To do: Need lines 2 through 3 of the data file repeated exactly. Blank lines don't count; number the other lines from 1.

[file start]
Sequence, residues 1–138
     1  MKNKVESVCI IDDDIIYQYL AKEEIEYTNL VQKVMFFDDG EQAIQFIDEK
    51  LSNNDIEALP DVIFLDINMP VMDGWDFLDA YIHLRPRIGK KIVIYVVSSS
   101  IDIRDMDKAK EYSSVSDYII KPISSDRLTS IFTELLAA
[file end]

     1  MKNKVESVCI IDDDIIYQYL AKEEIEYTNL VQKVMFFDDG EQAIQFIDEK
    51  LSNNDIEALP DVIFLDINMP VMDGWDFLDA YIHLRPRIGK KIVIYVVSSS